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Question on workshop floor insulation

user-3311655 | Posted in Energy Efficiency and Durability on

I am planning on building a 20×30’ woodworking workshop with “pretty good” energy performance. The building will have a slab-on-grade foundation because of ledge very near the surface. Because I don’t want to stand on a concrete floor for extended periods of time, I’m planning on using PT 2×4 sleepers over the concrete (with the 3 ½” dimension vertical) and a plywood floor and possibly a wood floor over the plywood in the future (funds permitting!)

I’m considering the usual 2” of foam under the slab, but am aware of the difficulties of insulating the edges especially since I would prefer not to have exterior foam around the perimeter of the concrete. Foam at 2” thick is about $1.00/SF for R-10. As an alternative, I’m also considering using Roxul 3 ½” ComfortBats (mineral wool) between the sleepers at a cost of $0.65/SF and an R-value of 15 (i.e. better R-value and lower cost – notwithstanding some thermal bridging which will degrade the R-value somewhat.)

Will the Roxul insulation system work (especially if I include a vapor barrier above the insulation and below the plywood), or will condensation on the concrete or some other issue be a problem? I’m guessing that the concrete directly over the ledge will moderately cold, but I’m not sure how cold (Climate Zone 6, Maine coast).

Note: the shop will be relatively dry (at least compared to a house) and will be heated 24/7 with a mini-split/grid-tied solar PV system. Walls will likely be around R-26 and the ceiling will be at least R-40. I’d go to higher R-values with these, but I don’t think the higher values are cost-effective for a workshop setting.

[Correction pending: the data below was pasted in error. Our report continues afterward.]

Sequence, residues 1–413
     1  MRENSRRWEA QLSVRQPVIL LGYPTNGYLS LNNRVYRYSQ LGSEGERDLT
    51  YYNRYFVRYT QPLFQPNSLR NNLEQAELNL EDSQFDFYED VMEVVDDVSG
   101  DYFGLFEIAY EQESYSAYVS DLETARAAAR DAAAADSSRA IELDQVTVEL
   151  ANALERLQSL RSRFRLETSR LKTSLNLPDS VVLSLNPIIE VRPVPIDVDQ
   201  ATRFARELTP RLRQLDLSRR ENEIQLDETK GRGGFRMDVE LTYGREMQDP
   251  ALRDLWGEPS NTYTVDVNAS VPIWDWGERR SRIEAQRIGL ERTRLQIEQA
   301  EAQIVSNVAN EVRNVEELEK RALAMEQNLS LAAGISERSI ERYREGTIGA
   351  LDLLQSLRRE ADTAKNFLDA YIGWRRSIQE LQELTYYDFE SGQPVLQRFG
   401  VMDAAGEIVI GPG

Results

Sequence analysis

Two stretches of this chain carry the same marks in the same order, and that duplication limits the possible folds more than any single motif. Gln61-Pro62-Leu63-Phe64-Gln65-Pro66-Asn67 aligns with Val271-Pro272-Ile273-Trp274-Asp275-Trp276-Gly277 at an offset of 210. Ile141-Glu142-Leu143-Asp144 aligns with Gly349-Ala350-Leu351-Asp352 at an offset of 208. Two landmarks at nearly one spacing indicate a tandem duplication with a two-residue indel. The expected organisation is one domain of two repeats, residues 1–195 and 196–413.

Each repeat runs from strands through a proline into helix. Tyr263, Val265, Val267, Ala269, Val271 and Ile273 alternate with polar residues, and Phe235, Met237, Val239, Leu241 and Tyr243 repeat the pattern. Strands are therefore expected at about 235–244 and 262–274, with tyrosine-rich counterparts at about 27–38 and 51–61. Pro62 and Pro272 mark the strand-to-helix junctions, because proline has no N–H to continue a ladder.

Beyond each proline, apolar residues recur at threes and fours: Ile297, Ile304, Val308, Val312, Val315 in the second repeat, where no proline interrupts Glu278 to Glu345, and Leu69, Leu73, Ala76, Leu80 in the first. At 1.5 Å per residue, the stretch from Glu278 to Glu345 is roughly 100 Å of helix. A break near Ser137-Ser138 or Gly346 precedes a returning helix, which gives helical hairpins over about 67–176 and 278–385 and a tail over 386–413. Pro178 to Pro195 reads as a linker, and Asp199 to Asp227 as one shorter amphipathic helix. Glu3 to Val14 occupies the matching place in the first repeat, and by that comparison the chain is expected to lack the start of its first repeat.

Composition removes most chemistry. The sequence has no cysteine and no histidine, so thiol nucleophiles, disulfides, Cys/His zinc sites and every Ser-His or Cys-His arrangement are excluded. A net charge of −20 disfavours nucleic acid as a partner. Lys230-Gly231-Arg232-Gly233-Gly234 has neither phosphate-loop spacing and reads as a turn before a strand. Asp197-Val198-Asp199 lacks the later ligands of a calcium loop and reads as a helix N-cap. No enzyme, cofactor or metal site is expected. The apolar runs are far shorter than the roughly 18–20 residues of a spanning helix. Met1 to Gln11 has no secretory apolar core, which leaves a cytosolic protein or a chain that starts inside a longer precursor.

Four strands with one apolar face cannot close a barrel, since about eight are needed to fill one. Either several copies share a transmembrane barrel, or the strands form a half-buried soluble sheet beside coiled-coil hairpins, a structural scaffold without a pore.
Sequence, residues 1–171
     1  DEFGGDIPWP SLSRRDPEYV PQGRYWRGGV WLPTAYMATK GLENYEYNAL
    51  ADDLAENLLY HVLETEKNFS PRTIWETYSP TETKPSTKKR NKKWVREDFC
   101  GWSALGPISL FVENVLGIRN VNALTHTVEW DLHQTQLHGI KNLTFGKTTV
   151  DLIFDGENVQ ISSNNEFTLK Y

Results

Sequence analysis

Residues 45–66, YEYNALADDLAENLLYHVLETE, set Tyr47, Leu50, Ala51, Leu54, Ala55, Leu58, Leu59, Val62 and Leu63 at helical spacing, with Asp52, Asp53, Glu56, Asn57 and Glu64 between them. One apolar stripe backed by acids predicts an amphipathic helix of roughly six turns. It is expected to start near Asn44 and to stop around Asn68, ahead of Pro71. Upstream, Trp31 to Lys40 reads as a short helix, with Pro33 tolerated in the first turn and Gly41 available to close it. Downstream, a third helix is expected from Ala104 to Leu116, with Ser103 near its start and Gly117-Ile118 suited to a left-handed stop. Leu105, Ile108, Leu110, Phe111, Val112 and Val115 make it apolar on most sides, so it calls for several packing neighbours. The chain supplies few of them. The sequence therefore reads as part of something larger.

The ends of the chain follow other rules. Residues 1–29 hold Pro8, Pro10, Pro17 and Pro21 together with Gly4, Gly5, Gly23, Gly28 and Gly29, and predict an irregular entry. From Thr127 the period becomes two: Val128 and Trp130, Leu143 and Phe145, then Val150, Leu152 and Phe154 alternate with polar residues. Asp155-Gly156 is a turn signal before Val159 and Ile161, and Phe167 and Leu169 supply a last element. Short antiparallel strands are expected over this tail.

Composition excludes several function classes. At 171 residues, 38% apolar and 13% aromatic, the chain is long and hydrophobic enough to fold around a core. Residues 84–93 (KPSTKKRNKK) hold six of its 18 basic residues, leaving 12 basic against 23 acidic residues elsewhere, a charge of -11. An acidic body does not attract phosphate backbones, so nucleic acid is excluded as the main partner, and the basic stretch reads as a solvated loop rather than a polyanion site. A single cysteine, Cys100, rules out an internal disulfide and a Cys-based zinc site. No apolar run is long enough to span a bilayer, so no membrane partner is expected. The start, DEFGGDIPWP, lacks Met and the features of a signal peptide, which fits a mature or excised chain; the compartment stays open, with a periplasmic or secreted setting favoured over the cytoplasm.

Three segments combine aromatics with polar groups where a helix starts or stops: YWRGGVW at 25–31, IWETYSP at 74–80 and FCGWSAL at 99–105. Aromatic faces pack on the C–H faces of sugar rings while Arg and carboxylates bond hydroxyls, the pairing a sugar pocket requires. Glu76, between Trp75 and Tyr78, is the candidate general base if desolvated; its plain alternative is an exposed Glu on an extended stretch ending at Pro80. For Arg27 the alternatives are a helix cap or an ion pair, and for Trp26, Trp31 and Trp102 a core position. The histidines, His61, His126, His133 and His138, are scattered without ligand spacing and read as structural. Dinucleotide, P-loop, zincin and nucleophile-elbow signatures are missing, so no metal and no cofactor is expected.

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  1. GBA Editor
    Martin Holladay | | #1

    I wouldn't pour a slab in Maine without continuous horizontal subslab insulation (at least 2 inches) and vertical insulation at the perimeter. Just do it; you won't have a chance to change it later. The perimeter insulation is the most important, not the least important.

    That's what I did on my garage, even though I don't really plan to heat it -- just because. I protected the rigid foam on the exterior with PT plywood, and my 2x6 wall studs overhang the slab by 2 inches to cover the perimeter foam.

    Insulating between your 2x4 floor joists is much less effective than insulating under (and around) your slab. But you can do both.

    By the way, the polyethylene belongs under the slab, not under the plywood subfloor.

  2. user-4524083 | | #2

    Stuart - Martin is right. Also,you preferably don't want to put the concrete right on the ledge. One way around avoiding the perimeter vertical insulation( but it's more complicated) is to do 2 pours. First pour the "grade beam" reinforced with rebar, and insulated underneath and extending out 3-4 feet horizontally. Then foam inside vertically and foam under the separately poured slab. Now the slab is in the heated space and the foundation is "cold" but protected from frost heaves by the foam under it. The walls are built on the cold part with the inside vertical insulation covered by your new wall.I wouldn't go to the expense of an additional floor on sleepers. Wear cushioned shoes. Concrete got a bad rap for being uncomfortable to stand on. A solid wood floor on sleepers isn't exactly flexing while you're standing on it, though it will hurt less to kneel on it or if you fall down. Martin's solution is much simpler and allows the simplicity of one pour.If you don't like the idea of P.T.plywood covering the foam on the outside you could use cement boards and cement or one of those acrylic cement coatings that can go onto the foam. Get help with these details if you're unsure. There's lots of smart builders on the Maine coast, but many very good builders who know nothing of slabs and good insulation .It's pretty easy to figure out the difference between what people know and what they think they know.This site is a good resource. Best of luck to you on your project.

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